Our next task was to meet with the Civil Surgeon of the Panchkula District, the doctor in charge of all government hospital and health intativates in the area. We needed his approval before we could move on with distributing IFA supplementation. The Civil Surgeon, Dr. V.K. Bhansal, a very busy man, carried two cell phones with him which rang every five minutes. In our meeting, we tried to relay what we were trying to do in the middle of his phone calls. Dr. Bhansal immediately told us that we would not be able to distribute the IFA supplementation ourselves as that would create a enormous medical liability for us. Instead, he suggested that we go through the current ASHA system. He called the ASHA Coordinator and told her to go with us to Charnia and register all the anemic patients with ASHA so that they could be given IFA supplementation. Then, he asked to look at the hemoglobin data we had collected. Upon seeing the hemoglobin levels of the six pregnant women, he told us that they needed immediate care. He told us that we was sending the ASHA Coordinator with us immediately and we were to go to find these six women immediately. The ASHA Coordinator would arrange a ambulance to pick up the women so that they could be taken to the local primary care center, and if needed, the closest government hospital. Although we were apprehensive over trusting the ASHA system with distributing the IFA, realized that helping the pregnant women should be our first priority so we set of at once back to Charnia with the ASHA Coordinator in our car.

The six women were spread across four brick zones and none of the women wanted to come with us. It took the ASHA Coordinator, all of the hindi speakers, as well as some of the local Charnians to convice the women to come with us. Although we had to pick up only 6 people, it took us over three hours after which we headed directly to the primary care center. There, the ASHA Coordinator had everyone’s hemoglobin levels rechecked and most were around 5gm/dL a level dangerously low for anyone let alone a pregnant women. The doctor at the primary care clinic advised them that they would all need to go to the local government hospital, as the primary care center was not properly equipped. The ambulance would provide transportation to and back from the hospital and the care would be offered free of charge. After we told the women about this, they all refused to go to the hospital. They started to argue with us and one women even told us that she didn’t think anything was wrong because we could lift very heavy things and only got a fever once a year. We tried explaining to the women the importance of going to the hospital for both their and their baby’s health. However, none of them really wanted to go and they all just walked out of the primary care center and started walking back towards the brick zones around 10km away. We ran after them and told them we could drop them off in the ambulance, but they were all afraid that we would get them into the ambulance and take them to the hospital against their wishes.

Having the women walk out on us was the low point of our trip. It felt that we were doing more harm than good if we couldn’t even convince the Charnians that anemia was a problem, then why would any one even take the IFA supplementation? The next day, we visited the rest of the brick zones to talk with leaders within each brick zone. They told us that they realized the importance of taking IFA for anemic patients and they would encourage everyone to take the IFA if we could provide it. They also provided more insight into my the women did not want to go to the government hospitals: they said that the doctors at these hospitals usually treat them very rudely and often they have to wait long times without getting any treatment. With the encouragement and reassurance of the locals we started to coordinate with the ASHA worker to start IFA distribution. The next day, we came back with the AHSA coordinator, the ASHA worker, and a doctor from the primary care clinic and distributed a 10 day supply to everyone we had identified as anemic. The ASHA worker agreed to visit every 10 days to keep replenishing the IFA supply.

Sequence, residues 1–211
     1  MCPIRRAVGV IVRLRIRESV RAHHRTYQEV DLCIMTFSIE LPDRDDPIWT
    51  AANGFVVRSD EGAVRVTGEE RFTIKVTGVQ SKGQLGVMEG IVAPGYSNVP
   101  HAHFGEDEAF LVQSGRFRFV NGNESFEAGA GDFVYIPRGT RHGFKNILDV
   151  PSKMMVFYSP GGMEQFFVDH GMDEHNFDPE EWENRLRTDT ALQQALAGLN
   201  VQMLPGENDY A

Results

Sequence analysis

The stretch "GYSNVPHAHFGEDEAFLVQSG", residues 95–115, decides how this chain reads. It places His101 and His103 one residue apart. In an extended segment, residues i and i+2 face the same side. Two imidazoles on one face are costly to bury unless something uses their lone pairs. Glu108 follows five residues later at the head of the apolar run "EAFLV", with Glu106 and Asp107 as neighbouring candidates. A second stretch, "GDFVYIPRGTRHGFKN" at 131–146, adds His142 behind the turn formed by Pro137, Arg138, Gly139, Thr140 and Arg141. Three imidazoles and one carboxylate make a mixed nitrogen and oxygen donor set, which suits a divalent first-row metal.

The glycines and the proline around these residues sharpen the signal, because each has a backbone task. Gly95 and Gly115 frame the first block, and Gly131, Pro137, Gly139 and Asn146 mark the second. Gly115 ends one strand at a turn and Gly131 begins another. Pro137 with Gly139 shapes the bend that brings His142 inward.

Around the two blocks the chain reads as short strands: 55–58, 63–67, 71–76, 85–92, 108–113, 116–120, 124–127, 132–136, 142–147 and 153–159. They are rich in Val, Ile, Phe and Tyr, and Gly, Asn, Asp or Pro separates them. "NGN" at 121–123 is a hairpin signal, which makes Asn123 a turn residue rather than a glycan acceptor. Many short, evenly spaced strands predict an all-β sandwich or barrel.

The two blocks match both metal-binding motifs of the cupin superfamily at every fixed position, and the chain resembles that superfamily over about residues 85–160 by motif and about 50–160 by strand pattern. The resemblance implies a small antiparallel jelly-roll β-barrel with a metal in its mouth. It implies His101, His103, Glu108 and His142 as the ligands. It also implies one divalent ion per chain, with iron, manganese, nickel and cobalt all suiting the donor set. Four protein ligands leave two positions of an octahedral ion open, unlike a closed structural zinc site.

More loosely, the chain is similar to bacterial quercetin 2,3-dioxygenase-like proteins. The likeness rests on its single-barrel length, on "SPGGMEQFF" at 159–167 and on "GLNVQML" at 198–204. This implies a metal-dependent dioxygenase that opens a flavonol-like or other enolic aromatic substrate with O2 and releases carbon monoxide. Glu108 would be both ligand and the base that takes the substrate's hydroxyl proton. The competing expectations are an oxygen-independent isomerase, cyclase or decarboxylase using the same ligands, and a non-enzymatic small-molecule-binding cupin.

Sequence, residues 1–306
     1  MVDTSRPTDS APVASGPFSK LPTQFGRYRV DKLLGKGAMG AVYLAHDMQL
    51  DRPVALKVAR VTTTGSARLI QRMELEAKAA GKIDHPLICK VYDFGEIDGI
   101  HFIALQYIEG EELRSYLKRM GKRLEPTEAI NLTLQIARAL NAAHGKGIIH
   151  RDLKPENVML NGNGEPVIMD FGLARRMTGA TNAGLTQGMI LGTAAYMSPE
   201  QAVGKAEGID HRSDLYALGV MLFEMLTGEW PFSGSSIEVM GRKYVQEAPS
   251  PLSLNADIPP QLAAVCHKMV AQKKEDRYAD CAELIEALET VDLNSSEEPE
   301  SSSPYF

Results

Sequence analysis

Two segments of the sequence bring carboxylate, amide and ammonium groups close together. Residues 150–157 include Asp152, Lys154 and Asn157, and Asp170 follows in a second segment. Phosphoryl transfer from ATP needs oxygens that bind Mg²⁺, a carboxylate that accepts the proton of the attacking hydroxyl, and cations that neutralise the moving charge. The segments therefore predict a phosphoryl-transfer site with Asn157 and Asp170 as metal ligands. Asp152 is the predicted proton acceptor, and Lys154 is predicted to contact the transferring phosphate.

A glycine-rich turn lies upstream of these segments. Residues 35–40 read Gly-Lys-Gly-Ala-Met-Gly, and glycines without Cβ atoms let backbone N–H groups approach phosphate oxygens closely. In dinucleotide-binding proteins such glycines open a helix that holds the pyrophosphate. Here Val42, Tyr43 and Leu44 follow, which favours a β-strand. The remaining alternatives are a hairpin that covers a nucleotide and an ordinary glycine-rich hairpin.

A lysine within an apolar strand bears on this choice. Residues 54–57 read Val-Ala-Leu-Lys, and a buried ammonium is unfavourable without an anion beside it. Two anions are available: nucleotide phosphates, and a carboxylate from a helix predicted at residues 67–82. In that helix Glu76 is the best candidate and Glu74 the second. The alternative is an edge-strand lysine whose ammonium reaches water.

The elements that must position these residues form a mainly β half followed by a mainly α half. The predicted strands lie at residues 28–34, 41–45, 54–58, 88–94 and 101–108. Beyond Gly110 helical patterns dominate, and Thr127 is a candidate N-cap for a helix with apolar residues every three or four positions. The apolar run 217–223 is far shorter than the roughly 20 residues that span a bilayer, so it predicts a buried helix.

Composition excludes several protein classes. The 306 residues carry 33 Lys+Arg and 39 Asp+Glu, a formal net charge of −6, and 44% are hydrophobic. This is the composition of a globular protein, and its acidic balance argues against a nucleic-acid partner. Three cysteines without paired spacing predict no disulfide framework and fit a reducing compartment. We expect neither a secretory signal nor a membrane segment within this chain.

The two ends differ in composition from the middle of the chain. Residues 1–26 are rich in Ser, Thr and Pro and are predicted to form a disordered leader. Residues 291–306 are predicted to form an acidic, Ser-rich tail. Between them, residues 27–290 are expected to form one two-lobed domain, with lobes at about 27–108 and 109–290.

In the end, we accomplished setting up a anemia intervention, though not run directly through us, was the best we could do given the circumstances and laws in place. In the end though, many of the problems we faced are not going to be solved through short term interventions or any medicines. Long term change will only happen through education about nutrition and anemia. The pregnant women who ran away from the clinic didn’t even think they had any health issues to begin with and nothing we said would convince them otherwise. In the long run, building long term relationships with Charnians and establishing trust with the community, something which will only happen over a long period of time, is the only sustainable way of bringing real change to the community. We hope that in three months, when we revisit Charnia, to retest the anemic women and children, we will see a dramatically improvement in the population and hopefully through our efforts we can continue to build trust and support for our chapter in Charnia.

Article by Chintin Pathak

Originally published at